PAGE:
The economic strain on an agrarian society by the Dragons is thus nearly unsustainable and can only grow worse when the requirements of the sedentary and usually luxuriously sustained Weyrfolk are included. However, Pern has been able to meet this strain during each Pass successfully, though the Ninth Pass saw considerable discontent, and a full record of all passes is not provided.

During the Long Interval before the Ninth Pass, however, unpopularity with the only remaining inhabited Weyr, Benden Weyr, had grown to such a point that the Holders were willing to risk combat on highly disadvantageous terms to end the tithe of materials which traditionally supported the Weyrs. This is a further suggestion of the general strain and potential unpopularity of the severe burden inflicted by the Weyrs--a burden that ultimately remains entirely necessary until the end of the Ninth Pass.

According to anecdotal evidence from the Dragonlover's Guide to Pern, by Jody Lynn Nye with Anne McCaffrey, the Pernese economy, based upon the Mark, appears to be a command economy. The Mark is made of wood, a fiat currency, and has no inherent value; prices across Pern are fixed by a yearly meeting of Traders, Craftmasters, and Lords Holder, suggesting an attempt to either maximize economic gain with slim margins from the tithe, or direct price-fixing in support of the quasi-War Effort which the Pernese economy might generally be said to resemble during the Pass. Unsurprisingly many Pernese individuals resort to barter in the face of such economic tactics.

Important Characters

From the Weyrs

(Rider first, dragon second)

  • F'lar and bronze Mnementh - Benden Weyrleader
  • Lessa and gold Ramoth - Benden Weyrwoman, Ruathan-blood, turned over Ruatha Hold to Jaxom
  • D'ram and bronze Tiroth - Oldtimer Ista, then Southern, Weyrleader
  • N'ton and bronze Lioth - Fort Weyrleader; weyrmate of Margatta and Ludeth
  • R'mart and bronze Branth - Telgar Weyrleader
  • G'narish and bronze Gyarmath - Igen Weyrleader
  • T'bor and bronze Orth - Southern, then High Reaches, Weyrleader
  • Kylara and gold Prideth - Southern Weyrwoman; weyrmate of T'bor
  • F'nor and brown Canth - Wingsecond at Benden Weyr
  • Brekke and gold Wirenth - Junior weyrwoman at Southern Weyr
  • Mirrim and green Path - Benden Weyr; weyrmate of T'gellan and Monarth; Brekke's fosterling, later greenrider
  • Manora - Weyr housekeeper and F'nor's mother and F'lar's foster mother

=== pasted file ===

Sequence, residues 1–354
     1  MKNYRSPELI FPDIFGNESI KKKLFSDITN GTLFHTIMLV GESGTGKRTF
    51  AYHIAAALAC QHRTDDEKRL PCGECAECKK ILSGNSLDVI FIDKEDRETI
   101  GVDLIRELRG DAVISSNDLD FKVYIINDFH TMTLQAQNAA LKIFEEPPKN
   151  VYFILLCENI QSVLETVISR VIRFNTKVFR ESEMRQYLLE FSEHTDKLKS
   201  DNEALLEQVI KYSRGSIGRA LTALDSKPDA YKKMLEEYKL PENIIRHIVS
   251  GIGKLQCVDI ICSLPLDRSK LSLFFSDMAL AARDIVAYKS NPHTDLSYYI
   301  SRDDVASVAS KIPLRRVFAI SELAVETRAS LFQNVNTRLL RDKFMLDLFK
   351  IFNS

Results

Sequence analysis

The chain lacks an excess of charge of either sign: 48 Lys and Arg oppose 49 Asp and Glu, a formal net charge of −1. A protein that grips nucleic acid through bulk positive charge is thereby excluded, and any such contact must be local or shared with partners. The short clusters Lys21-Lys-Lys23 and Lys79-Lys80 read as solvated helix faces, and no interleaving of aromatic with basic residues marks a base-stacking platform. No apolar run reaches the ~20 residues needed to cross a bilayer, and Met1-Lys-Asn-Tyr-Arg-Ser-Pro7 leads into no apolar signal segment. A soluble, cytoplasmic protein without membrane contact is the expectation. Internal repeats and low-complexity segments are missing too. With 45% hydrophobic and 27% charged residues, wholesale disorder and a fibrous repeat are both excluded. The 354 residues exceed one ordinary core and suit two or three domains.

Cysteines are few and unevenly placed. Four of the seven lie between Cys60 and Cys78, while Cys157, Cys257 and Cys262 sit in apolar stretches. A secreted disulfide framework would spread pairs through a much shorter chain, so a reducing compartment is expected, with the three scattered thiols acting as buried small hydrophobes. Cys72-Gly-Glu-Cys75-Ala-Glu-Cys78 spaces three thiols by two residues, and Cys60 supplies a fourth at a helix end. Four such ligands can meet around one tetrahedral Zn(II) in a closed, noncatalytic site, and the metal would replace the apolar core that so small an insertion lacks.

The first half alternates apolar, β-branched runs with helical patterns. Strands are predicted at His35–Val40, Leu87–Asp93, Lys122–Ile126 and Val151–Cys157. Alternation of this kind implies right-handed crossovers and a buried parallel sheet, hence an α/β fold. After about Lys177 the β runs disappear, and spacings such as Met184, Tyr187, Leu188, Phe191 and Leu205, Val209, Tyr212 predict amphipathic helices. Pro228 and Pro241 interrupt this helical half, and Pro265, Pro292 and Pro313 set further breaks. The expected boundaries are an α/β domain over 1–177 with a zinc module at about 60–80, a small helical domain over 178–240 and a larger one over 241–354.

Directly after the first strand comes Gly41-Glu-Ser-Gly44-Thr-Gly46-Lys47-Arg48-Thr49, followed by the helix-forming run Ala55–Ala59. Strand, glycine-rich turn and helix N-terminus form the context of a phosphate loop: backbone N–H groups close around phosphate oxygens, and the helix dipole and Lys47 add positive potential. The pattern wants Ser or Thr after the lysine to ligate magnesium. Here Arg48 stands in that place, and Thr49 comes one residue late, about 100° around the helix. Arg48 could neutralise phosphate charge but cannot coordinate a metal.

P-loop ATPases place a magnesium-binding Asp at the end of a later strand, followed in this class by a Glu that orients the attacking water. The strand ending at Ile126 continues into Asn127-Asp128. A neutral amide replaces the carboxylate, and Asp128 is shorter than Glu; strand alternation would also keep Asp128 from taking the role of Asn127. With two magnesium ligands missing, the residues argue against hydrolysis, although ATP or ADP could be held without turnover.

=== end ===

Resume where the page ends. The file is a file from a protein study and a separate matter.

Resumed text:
• F'lessan and bronze Golanth - Benden Weyr; formerly Felessan, Lessa and F'lar's son
  • Moreta and gold Orlith - Fort Weyr; famous Weyrwoman of history, and lead character in the 'Moreta' book
  • Tai and green Zaranth-rider at Monaco Bay weyr; weyrmate of F'lessan
  • Leri and gold Holth-former Weyrwoman at Fort Weyr before Moreta
  • Oklina and gold Hannath; sister of Alessan at Ruatha Hold; Impressed the queen Hannath at Orlith's last hatching; weyrmate of B'lerion and bronze Nabeth of High Reaches
  • Torene and gold Alaranth-first Weyrwoman at Benden Weyr
  • M'hall and bronze Brianth-Torene's weyrmate; first Benden Weyrleader
  • Sorka and gold Faranth-Leader of the original queenriders and eventual Weyrwoman of Fort Weyr; Faranth was the first fertile queen on Pern
  • Sean and bronze Carenath-Leader of the original dragonriders, eventual Weyrleader at Fort Weyr. His dragon flew Faranth
  • T'lion and bronze Gadareth-Monaco Bay Weyr. T'lion re-established contact with the Monaco dolphins.
  • M'barak and blue Arith - Fort weyrling who helps Moreta transport serum
  • T'gellan and bronze Monarth - Weyrleader of Monaco Bay Weyr; weyrmate of Mirrim and Talina
  • C'gan and blue Tagath - Weyrsinger at Benden Weyr
  • F'lon and bronze Simanith - Weyrleader at Benden Weyr; father of F'lar and F'nor; friend of Robinton
  • Lorana and gold Arith(deceased)- Queenrider at Benden Weyr, 3rd Pass. Cured the illness decimating the dragons of her time, but lost Arith in the process.

At the time of Impression, male dragonriders' names are shortened with an apostrophe. This follows an old tradition of shortening names, as it's easier for Wingleaders to shout the shortened names of their riders when commanding them as they fly threadfall. As an example, Felessan became F'lessan at his impression. Most girls will only Impress gold queens, with the exception of a few female greenriders, such as Mirrim, and queens fly in a wing of their own, with agenothree tanks to sear Thread from the skies. Thus, female dragonriders do not shorten their names as a rule.